JACKSONVILLE, Fla. -- In the Sterling Ridge subdivision residents are concerned about holes, several holes.
"You don't know how deep some of them do," said David Norris.
Several are near Norris backyard. The city Municipal Code Enforcement recently cordoned off the area and condemned it, citing the holes are related to a failed septic tank system. Norris said that can't be.
"There is no septic system here," said Norris, "these homes were built in 1999."
The city has since back pedal on the condemnation sign saying there is a need for more investigation. So what's causing the holes?
The On Your Side asked a team from Foundation Professionals and Cal Tech testing to investigate the area; to give residents peace of mind
"We see a lot of this in Jacksonville," said David Brown of Foundation Professionals.
The soil experts made digs in various areas, they were testing resistance and discovered in some areas the soil is very soft.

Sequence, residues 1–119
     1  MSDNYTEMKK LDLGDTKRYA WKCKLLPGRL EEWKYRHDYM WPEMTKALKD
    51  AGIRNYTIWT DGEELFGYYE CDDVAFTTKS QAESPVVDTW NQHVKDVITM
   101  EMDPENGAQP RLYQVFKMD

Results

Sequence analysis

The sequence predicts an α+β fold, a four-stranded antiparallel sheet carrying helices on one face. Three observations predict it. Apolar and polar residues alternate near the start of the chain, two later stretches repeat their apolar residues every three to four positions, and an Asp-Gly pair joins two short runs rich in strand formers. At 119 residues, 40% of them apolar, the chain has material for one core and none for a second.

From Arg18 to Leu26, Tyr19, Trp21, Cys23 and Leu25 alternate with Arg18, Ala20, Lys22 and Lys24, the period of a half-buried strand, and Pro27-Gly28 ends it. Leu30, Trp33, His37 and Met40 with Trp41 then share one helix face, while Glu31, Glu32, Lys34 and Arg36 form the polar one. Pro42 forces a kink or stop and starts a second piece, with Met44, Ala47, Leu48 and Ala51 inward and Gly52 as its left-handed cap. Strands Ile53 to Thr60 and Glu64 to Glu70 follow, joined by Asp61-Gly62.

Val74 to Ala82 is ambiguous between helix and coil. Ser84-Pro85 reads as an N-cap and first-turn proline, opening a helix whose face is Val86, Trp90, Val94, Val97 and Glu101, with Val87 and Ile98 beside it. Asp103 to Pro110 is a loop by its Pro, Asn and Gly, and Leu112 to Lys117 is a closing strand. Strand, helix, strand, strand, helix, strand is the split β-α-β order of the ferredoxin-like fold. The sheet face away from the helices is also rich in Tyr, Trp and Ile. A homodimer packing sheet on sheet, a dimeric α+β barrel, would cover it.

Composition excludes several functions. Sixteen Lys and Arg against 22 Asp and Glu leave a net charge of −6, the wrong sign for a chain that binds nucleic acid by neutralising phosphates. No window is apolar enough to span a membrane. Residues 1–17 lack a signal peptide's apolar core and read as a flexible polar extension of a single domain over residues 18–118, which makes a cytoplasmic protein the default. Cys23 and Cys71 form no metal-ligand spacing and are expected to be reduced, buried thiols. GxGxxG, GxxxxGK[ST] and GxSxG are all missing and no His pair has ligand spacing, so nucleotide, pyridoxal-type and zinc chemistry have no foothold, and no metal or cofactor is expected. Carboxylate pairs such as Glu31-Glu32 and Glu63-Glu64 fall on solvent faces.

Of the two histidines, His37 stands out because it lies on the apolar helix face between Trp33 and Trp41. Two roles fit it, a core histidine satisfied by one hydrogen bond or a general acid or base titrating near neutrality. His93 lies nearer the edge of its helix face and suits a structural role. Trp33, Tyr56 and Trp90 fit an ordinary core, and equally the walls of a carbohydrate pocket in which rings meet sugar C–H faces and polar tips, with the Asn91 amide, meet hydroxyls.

They also examined the soil for content-organic and moisture.
Gary McCollum of Cal Tech testing said even though their investigation is not as complete as it could be, their preliminary findings are pretty conclusive.
"What we are seeing are buried debris," said McCollum,"we are not seeing any kind of sinkhole debris."
They found chunks of cement, fencing wire, broken glass, pieces of metal and organic from decayed wood.
David Brown, who calls his company the sinkhole guys, the buried debris creates a void and settling over time.
"It is surface depression from the permeation of the years of the decomposing of the materials someone buried here," said Brown.
Brown said when the buried material breaks down they may create sinkhole like conditions, but they are not sinkholes; that's what the residents needed to know.
"I think they're clear here," said Brown," we do not have a sinkhole."
The solution is to excavate the debris and back fill the area with a truckload of dirt. The residents are giving it serious consideration.
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First Coast News